Given Chile’s great length, and the huge distances that separate the main attractions, it’s important to give careful thought to your itinerary before you go. Chile splits roughly into two halves, with Santiago the jumping-off point for both the sunny north, all vineyards, beaches and desert, and the capricious south, comprised of glaciers, mountains and steppe. Many travellers choose to focus on one half or another rather than spread themselves too thin, especially if time is a factor. If, however, you want to hit both extremes, a LAN air pass or inexpensive Sky Airline flights should aid you in your quest.
Santiago, though boasting some fine monuments, museums and restaurants, with its ceaseless noise and traffic and heavy pollution, is not a destination city like Río or Buenos Aires, and two or three days here is enough for most visitors. The capital is handy for visiting some of the country’s oldest vineyards, while both a string of splendid beaches and the fashionable if rather bland seaside resort of Viña del Mar sit on its doorstep. Nearby, the quirky port of Valparaíso – Chile’s other major city – provides an interesting contrast, with its snaking alleyways decorated by local street artists, its gritty vibe and the funiculars allowing splendid views of the bay from its many hills.
North of Santiago, highlights include the handsome colonial city of La Serena and the lush, deeply rural Elqui Valley, with hills ideal for horse treks. The valley is also home to pisco – a drink that’s the source of great dispute between Chile and Peru. Another succession of idyllic beaches lies spread out along the dazzling fringe of the Norte Chico, a region comprising semi-arid landscapes and hardy vegetation that takes all the moisture it needs from the mist rising from the sea. At the northern edge of this region, the tidy little mining city of Copiapó serves as a springboard for excursions to the white sands and turquoise waters of Bahía Inglesa, one of the country’s most attractive seaside resorts, and east into the barely trodden cordillera, where you’ll find the mineral-streaked volcanoes of Parque Nacional Nevado de Tres Cruces and the almost impossibly turquoise Laguna Verde.
Further north, the parched Atacama Desert, stretching over 1000km into southern Peru, presents an unforgettable, moonlike landscape, whose sights number ancient petroglyphs (indigenous rock art), abandoned nitrate ghost towns and a scattering of fertile, fruit-filled oases. Up in the Andes, the vast plateau known as the altiplano, as high and remote as Tibet, encompasses snowcapped volcanoes, bleached-white salt flats, lakes speckled pink with flamingoes, grazing llamas, alpacas and vicuñas, tiny whitewashed churches and native Aymara communities. The best points to head for up here are Parque Nacional Lauca – the highest of Chile’s many national parks, and accessible from the city of Arica – and Parque Nacional Volcán Isluga, near the busy seafront city of Iquique, popular with surfers and paragliders.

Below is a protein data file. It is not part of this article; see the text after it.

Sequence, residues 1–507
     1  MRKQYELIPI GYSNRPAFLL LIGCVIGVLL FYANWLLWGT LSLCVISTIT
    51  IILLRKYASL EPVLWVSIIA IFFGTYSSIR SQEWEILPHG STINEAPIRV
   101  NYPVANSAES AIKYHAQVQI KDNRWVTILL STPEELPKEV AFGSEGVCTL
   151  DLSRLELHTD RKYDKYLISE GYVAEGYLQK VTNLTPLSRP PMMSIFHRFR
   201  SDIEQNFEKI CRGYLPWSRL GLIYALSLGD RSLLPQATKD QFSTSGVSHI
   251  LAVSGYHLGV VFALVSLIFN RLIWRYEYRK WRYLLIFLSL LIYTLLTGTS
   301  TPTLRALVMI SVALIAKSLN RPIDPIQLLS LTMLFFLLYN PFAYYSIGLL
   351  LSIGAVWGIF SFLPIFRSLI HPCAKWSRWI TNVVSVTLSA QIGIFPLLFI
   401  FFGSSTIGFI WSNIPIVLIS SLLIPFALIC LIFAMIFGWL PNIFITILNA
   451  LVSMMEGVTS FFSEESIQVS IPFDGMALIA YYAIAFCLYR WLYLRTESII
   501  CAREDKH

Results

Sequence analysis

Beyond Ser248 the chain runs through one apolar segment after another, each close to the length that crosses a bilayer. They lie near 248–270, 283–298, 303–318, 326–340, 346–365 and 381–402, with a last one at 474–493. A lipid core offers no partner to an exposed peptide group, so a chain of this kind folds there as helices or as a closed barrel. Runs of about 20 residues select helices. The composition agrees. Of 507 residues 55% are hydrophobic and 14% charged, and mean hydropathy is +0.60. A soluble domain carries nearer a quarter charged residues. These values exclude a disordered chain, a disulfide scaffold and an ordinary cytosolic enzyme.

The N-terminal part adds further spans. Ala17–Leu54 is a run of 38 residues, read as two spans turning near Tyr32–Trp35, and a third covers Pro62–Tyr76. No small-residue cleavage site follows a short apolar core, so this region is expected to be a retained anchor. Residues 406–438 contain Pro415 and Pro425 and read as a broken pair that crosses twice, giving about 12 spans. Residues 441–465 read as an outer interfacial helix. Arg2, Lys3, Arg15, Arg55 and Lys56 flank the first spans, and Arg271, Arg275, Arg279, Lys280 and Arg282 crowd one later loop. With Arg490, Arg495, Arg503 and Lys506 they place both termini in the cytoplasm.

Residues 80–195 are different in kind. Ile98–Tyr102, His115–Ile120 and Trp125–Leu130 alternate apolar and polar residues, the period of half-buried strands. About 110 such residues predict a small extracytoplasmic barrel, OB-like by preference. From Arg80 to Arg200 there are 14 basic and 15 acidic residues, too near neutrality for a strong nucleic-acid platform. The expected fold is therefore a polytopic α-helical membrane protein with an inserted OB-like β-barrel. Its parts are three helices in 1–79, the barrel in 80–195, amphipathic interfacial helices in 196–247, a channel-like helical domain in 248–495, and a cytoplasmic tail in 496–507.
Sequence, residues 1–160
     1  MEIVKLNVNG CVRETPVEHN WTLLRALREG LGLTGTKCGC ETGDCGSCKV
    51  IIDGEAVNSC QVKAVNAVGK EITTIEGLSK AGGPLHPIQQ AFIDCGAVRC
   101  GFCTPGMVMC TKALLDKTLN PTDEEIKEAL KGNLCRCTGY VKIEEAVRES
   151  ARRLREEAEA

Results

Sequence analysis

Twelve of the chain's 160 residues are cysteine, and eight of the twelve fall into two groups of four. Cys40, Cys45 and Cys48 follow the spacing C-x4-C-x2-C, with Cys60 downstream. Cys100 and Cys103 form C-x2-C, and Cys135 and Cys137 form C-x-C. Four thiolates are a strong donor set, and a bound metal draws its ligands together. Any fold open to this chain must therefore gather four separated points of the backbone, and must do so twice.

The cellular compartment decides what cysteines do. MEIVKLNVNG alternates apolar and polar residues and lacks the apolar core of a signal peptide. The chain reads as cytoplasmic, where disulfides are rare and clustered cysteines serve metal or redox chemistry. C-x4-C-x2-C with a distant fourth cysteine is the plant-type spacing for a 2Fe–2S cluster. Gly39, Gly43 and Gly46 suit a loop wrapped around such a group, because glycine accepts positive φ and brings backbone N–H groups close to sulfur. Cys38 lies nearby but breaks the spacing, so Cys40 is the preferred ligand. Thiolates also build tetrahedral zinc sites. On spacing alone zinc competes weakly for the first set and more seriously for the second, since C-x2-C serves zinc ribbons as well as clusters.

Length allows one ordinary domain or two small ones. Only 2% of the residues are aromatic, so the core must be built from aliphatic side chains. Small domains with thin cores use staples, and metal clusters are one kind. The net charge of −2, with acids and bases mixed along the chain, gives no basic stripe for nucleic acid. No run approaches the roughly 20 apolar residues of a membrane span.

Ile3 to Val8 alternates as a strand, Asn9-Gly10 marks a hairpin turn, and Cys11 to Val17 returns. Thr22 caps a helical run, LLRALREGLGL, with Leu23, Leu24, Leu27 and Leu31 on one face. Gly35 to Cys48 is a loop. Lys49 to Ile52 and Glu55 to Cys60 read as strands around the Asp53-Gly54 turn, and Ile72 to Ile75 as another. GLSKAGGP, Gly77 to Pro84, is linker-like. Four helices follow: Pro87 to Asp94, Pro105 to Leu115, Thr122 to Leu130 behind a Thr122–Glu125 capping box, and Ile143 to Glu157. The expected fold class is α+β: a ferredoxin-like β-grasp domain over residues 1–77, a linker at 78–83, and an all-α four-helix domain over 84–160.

South of Santiago, the lush Central Valley, with its swaths of orchards and vineyards, dotted with stately haciendas, invites you to find Chile’s best vintage by sampling the offers of the various vineyards. Further south, the famous, much-visited Lake District presents a picture-postcard of perfect, conical volcanoes (including the exquisite Volcán Osorno), iris-blue lakes, rolling pastureland and dense native forests, perfect for hiking. A short ferry ride from Puerto Montt, at the southern edge of the Lake District, the Chiloé archipelago is a quiet, rural backwater, famous for its rickety houses on stilts, unique wooden churches, rich local mythology and a Polynesian-style regional dish.
Back on the mainland south of Puerto Montt, the Carretera Austral – a 1000km-long unpaved “highway” – carves its way through virgin temperate rainforest and past dramatic fjords, one of which is the embarkation point for a 200km boat trip out to the sensational Laguna San Rafael glacier – a fast-disappearing landmark. Beyond the Carretera Austral, cut off by the Campo de Hielo Sur (Southern Ice Field), lies Patagonia, a country of bleak windswept plains bordered by the magnificent granite spires of the Torres del Paine massif, Chile’s single most famous sight, and a magnet for hikers and climbers. Across the Magellan Strait, Tierra del Fuego, shared with Argentina, sits shivering at the bottom of the world, a remote land of harsh, desolate beauty, steeped in dreams of a gold rush past.
Finally, there are Chile’s two Pacific possessions: Easter Island – one of the most remote places on earth, famed for its mysterious statues and fascinating prehistoric culture – and the little-visited Isla Robinson Crusoe, part of the Juan Fernández Archipelago, Chile’s largest marine reserve, sporting dramatic volcanic peaks covered with dense vegetation and a wealth of endemic wildlife.